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The Guardian - UK
The Guardian - UK
Rebecca Ratcliffe in Bangkok and agencies

Malaysia’s ex–PM Najib sent to prison as final 1MDB appeal lost

Najib Razak greets supporters as he walks out during a break in the trial.
Najib Razak greets supporters on Wednesday as he walks out during a break in the trial. Photograph: Arif Kartono/AFP/Getty Images

Malaysia’s former prime minister Najib Razak has been ordered to begin a 12-year prison sentence after he lost his final appeal against a conviction linked to the multibillion-dollar 1MDB scandal, one of the world’s biggest financial frauds.

A five-member federal court panel said it unanimously found that Najib’s appeal was “devoid of any merits”, seemingly sealing the stunning downfall of the 69-year-old, who has become Malaysia’s first former PM to be jailed.

Najib, who reportedly appeared shocked as the verdict was read in court, was later photographed being driven away in a black car. His daughter-in-law Nur Sharmila Shaheen told AFP the family had been informed that he was sent to Kajang prison, south of the capital, Kuala Lumpur.

James Chin, professor of Asian Studies University of Tasmania, said the verdict marked a victory for the Malaysian public and the judiciary. “Prior to this, a lot of people in Malaysia will tell you that when it comes to political cases, you can never be sure which way the wind blows in the courts. Now it is quite clear that the courts are quite impartial,” he said.

The court had shown it was “even willing to break the ultimate taboo in south-east Asia” by convicting a powerful political heavyweight.

Najib had denied any wrongdoing in relation to the scandal that engulfed 1MDB, or 1Malaysia Development Berhad, a state fund set up to promote development. Billions of dollars were estimated to have been siphoned from the fund.

The scandal brought down Najib’s government and prompted investigations around the world, including in Singapore, Switzerland and the US.

In July 2020, Najib was found guilty of breach of trust, abuse of power, and money laundering for illegally receiving about $10m £8.5m from SRC International, a former unit of state fund 1MDB. Najib, who had pleaded not guilty, was given a 12-year sentence and a 210m ringgit (£40m) fine.

Chief justice Maimun Tuan Mat, who upheld the verdict on Tuesday, said the defence was “so inherently inconsistent and incredible that it does not raise a reasonable doubt on the prosecution case”.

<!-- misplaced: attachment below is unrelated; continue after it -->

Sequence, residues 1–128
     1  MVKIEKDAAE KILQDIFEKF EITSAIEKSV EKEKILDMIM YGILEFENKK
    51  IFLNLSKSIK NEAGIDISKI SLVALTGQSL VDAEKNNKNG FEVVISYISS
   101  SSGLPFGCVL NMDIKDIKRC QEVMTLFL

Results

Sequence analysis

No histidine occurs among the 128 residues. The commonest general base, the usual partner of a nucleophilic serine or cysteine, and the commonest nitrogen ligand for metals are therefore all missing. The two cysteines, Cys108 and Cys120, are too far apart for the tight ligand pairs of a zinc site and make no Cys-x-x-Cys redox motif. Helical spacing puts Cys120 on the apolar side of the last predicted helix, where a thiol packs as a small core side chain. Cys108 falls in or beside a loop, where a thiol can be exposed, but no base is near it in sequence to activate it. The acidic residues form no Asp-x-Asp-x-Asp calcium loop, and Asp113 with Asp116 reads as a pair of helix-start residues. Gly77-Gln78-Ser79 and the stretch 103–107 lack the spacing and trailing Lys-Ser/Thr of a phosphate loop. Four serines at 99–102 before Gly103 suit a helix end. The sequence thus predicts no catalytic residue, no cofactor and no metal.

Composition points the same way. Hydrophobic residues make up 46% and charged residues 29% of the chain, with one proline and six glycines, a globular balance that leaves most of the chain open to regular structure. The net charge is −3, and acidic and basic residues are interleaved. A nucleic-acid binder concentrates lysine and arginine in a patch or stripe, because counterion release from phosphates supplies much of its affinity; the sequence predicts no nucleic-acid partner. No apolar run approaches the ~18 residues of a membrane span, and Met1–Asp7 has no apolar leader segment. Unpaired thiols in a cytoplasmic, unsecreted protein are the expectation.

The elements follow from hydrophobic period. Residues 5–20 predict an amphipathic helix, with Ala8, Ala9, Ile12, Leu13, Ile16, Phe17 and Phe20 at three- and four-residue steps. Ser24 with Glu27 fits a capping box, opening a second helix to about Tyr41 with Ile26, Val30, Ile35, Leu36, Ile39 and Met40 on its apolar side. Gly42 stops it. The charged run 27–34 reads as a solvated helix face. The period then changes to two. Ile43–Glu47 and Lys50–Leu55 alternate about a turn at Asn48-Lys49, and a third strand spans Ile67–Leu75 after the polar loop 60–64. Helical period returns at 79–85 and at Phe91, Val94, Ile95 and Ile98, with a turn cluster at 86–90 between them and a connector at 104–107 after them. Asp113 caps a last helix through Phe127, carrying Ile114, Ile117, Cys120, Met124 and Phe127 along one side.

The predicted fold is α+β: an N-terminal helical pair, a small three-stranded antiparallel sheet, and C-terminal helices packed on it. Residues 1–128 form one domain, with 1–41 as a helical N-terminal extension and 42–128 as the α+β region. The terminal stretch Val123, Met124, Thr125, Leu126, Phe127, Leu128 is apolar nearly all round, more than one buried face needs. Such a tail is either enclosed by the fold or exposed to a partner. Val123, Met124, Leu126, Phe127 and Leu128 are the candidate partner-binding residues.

During his appeal, which began last week, Najib alleged that his right to a fair trial had been undermined. On Tuesday, he sought to remove the chief justice, Maimun Tuan Mat, from the case, stating that her husband had previously criticised him on social media and that this could lead to bias.

In his affidavit read out in court by his lawyer, Najib said comments made by Maimun’s husband were “highly disturbing” as they may have influenced her opinion of the case.

The court’s findings may be seen as “tainted with bias, and the public perception of the independence of the judiciary will be in doubt”, Najib said in his application.

Najib, who replaced his legal team only weeks before his appeal began, also claimed his right to a fair trial was at risk because the court had refused his requests to postpone hearings to allow his new representatives time to prepare.

The court also rejected his attempt to introduce new evidence that could have prompted a retrial on allegations of bias by the high court judge who sentenced him in 2020.

Najib faces five separate trials related to 1MDB. His wife, Rosmah Mansor, is also on trial on corruption charges.

Investigators have said about $4.5bn was stolen from 1MDB, and that more than $1bn went to accounts linked to Najib. US lawsuits allege stolen money was used by various recipients, including the fugitive businessman Jho Low, to fund lavish shopping sprees, buy real estate, a Picasso painting, a private jet, a superyacht, hotels and jewellery.

Had the court overturned the previous verdict, Najib, who remains popular within his Umno party, would have pushed to again become prime minister, said Chin. A conviction prevents him from standing, however, meaning his political career is, in the short term at least, over.

However, Chin added a loophole that may provide a path back to politics: “If you get a [royal] pardon, it means that your slate will be wiped clean”.

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